5. When you read an indexer, the compiler automatically translates your array-like code into a call to the get accessor of that indexer. For example, consider the following example: bool peek = bits[6]; This statement is converted into a call to the get accessor for bits, and the value of the index argument is set to 6. Similarly, if you write to an indexer, the compiler automatically translates your array-like code into a call to the set accessor of that indexer, setting the index argument to the specified value. For example, consider the following statement: bits[6] = true; This statement is converted into a call to the set accessor for bits where the value of index is 6. As with ordinary properties, the value you are writing to the indexer (in this case, true) is made available inside the set accessor by using the value keyword. The type of value is the same as the type of indexer itself (in this case, bool). It's also possible to use an indexer in a combined read/write context. In this case, the get and set accessors are used. For example, consider the following statement: bits[6] ^= true; This is automatically translated into: bits[6] = bits[6] ^ true; This code works because the indexer declares both a get and a set accessor. NOTE You're also allowed to declare an indexer that contains only a get accessor (a read-only indexer), or a set accessor (a write-only accessor). Comparing Indexers and Arrays When you use an indexer, the syntax is deliberately very array-like. However, there are some important differences between indexers and arrays: • Indexers can use non-numeric subscripts, whereas arrays can use only integer subscripts: public int this [ string name ] { ... } // okay
6. TIP Many collection classes, such as Hashtable, that implement an associative lookup based on key/value pairs implement indexers as a convenient alternative to using the Add method to add a new value, and iterating through the Values property to locate a value in your code. For example, instead of this: Hashtable ages = new Hashtable(); ages.Add("John", 41); you can use this: Hashtable ages = new Hashtable(); ages["John"] = 41; • Indexers can be overloaded (just like methods), whereas arrays can't: • public Name this [ PhoneNumber number ] { ... } public PhoneNumber this [ Name name ] { ... } • Indexers can't be used as ref or out parameters, whereas array elements can: • IntBits bits; // bits contains an indexer Method(ref bits[1]); // compile-time error Properties, Arrays, and Indexers It is possible for a property to return an array, but remember that arrays are reference types, so exposing an array as a property makes it possible to accidentally overwrite a lot of data. Look at the following struct that exposes an array property called Data: struct Wrapper { int[] data; ... public int[] Data { get { return this.data; } set { this.data = value; } } } Now consider the following code that uses this property: Wrapper wrap = new Wrapper(); ... int[] myData = wrap.Data;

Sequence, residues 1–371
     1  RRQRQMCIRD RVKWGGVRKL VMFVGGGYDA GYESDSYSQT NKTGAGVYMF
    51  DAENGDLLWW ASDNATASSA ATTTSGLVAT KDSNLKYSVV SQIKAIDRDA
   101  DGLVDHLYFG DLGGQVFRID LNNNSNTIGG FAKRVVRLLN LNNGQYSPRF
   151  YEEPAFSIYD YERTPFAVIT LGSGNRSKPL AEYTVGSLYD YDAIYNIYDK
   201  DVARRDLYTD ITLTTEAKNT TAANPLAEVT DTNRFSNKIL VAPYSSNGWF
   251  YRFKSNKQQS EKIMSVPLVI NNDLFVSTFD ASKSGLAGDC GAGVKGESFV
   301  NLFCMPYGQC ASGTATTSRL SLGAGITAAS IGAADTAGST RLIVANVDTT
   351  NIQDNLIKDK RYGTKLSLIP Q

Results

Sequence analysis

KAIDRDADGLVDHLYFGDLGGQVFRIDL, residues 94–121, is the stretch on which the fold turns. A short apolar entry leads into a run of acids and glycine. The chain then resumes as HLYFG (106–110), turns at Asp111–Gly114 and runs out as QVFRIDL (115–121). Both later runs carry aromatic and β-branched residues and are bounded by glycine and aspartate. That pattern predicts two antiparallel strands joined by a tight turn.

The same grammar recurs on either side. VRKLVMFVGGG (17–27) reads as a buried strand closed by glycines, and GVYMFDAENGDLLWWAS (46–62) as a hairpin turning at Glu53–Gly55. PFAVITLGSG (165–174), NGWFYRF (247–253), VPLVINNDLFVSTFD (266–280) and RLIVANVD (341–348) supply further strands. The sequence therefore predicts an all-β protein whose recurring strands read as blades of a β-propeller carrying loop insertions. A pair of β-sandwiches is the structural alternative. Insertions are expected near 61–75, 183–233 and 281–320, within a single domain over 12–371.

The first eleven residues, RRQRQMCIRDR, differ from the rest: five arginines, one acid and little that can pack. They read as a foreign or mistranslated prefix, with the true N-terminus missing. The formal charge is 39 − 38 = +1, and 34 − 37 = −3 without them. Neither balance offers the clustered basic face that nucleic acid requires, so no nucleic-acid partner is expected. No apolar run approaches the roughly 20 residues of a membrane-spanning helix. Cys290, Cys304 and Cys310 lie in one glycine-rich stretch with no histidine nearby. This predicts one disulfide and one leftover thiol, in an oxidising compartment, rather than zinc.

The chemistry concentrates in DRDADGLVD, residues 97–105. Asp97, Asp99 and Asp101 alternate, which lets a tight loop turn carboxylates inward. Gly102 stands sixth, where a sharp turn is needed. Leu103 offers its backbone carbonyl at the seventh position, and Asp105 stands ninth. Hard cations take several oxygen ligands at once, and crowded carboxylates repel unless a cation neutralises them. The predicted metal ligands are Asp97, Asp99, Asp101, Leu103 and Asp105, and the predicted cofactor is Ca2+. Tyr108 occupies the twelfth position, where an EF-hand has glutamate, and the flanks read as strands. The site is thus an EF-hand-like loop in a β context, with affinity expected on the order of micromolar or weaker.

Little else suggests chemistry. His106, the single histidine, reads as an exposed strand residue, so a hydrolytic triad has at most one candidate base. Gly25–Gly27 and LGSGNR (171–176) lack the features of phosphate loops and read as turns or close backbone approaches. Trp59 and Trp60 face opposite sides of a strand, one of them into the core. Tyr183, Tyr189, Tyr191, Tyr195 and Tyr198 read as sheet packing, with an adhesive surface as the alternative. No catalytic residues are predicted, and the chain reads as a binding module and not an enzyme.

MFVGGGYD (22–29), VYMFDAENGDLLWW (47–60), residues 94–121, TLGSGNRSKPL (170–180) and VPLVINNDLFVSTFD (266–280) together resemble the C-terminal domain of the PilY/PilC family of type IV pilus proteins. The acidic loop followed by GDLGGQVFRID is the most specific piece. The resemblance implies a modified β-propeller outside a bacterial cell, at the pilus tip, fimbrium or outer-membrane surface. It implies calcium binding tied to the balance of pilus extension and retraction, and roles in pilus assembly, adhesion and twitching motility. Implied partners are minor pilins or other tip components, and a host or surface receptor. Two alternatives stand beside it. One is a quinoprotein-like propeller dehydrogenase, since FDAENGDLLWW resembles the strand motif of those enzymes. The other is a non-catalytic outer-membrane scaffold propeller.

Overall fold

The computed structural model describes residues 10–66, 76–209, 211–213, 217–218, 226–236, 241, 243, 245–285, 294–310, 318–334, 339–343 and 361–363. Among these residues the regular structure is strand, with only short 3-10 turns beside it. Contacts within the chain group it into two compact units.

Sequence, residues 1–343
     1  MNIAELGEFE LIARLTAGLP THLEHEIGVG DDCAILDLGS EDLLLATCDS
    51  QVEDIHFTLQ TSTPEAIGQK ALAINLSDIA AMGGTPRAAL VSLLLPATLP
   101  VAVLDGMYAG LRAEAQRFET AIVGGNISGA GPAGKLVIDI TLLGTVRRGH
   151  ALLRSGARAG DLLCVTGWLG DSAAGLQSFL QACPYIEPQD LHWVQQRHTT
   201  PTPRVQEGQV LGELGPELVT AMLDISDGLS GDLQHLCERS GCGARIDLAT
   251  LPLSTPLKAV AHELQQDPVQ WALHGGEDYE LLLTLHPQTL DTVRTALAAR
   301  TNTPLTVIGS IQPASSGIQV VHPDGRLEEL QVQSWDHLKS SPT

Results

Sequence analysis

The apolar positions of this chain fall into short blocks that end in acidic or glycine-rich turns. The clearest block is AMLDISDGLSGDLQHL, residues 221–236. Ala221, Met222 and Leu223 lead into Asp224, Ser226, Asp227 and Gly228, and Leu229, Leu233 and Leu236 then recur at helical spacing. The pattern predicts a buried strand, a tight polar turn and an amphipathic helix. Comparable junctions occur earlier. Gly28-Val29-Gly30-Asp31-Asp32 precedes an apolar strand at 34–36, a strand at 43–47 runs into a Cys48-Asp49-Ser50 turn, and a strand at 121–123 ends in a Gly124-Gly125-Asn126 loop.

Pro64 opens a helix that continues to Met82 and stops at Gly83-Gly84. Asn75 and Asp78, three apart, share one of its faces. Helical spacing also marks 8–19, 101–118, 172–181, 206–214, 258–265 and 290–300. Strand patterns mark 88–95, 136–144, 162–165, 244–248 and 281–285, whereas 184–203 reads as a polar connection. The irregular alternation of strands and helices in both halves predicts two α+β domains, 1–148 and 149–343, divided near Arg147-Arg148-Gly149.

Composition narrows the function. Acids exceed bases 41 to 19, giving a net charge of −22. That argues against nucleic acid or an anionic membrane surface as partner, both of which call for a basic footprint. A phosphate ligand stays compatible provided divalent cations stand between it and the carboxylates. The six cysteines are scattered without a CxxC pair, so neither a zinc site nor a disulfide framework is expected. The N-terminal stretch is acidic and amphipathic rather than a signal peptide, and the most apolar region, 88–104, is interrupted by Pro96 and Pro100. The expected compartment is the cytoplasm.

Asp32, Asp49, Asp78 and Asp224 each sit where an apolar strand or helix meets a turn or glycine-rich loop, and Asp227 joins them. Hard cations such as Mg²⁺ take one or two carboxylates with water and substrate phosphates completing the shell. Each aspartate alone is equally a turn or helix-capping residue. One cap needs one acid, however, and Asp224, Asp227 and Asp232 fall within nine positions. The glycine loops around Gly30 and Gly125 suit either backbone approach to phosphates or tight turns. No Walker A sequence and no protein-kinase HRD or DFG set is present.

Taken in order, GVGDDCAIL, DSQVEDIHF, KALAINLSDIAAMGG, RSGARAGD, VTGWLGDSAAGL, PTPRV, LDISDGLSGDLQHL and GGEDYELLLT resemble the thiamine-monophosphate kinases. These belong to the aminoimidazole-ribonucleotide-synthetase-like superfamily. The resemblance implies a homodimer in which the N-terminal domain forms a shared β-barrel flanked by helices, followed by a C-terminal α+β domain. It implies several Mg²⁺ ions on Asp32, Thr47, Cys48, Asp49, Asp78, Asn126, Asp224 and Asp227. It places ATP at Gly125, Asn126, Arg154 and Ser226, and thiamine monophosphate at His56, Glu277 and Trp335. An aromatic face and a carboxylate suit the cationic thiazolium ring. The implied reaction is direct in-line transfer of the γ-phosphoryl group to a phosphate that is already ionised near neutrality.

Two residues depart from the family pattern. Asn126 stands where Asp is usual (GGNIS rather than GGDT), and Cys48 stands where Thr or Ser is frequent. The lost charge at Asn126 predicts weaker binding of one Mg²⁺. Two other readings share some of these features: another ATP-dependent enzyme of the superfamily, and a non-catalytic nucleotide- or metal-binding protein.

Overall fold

7. myData[0]++; myData[1]++; This looks pretty innocuous. However, because arrays are reference types, the variable myData refers to the same object as the private data variable in the Wrapper struct. Any changes you make to elements in myData are made to the data array; the statement myData[0]++ has exactly the same effect as data[0]++. If this is not the intention, it is possible to use the Clone method in the get accessor of the Data property to return a copy of the data array, but this can become very messy and expensive in terms of memory use. Indexers provide a natural solution to this problem—don't expose the entire array as a property, just make its individual elements available through an indexer: struct Wrapper { int[] data; ... public int this [int i] { get { return this.data[i]; } set { this.data[i] = value; } } } The following code uses the indexer in a similar manner to the property shown earlier: Wrapper wrap = new Wrapper(); ... int[] myData = new int[2]; myData[0] = wrap[0]; myData[1] = wrap[1]; myData[0]++; myData[1]++; This time, incrementing the values in the MyData array has no effect on the original array in the Wrapper object. If you really want to modify the data in the Wrapper object, you must write statements such as this: wrap[0]++; This is much clearer, and safer!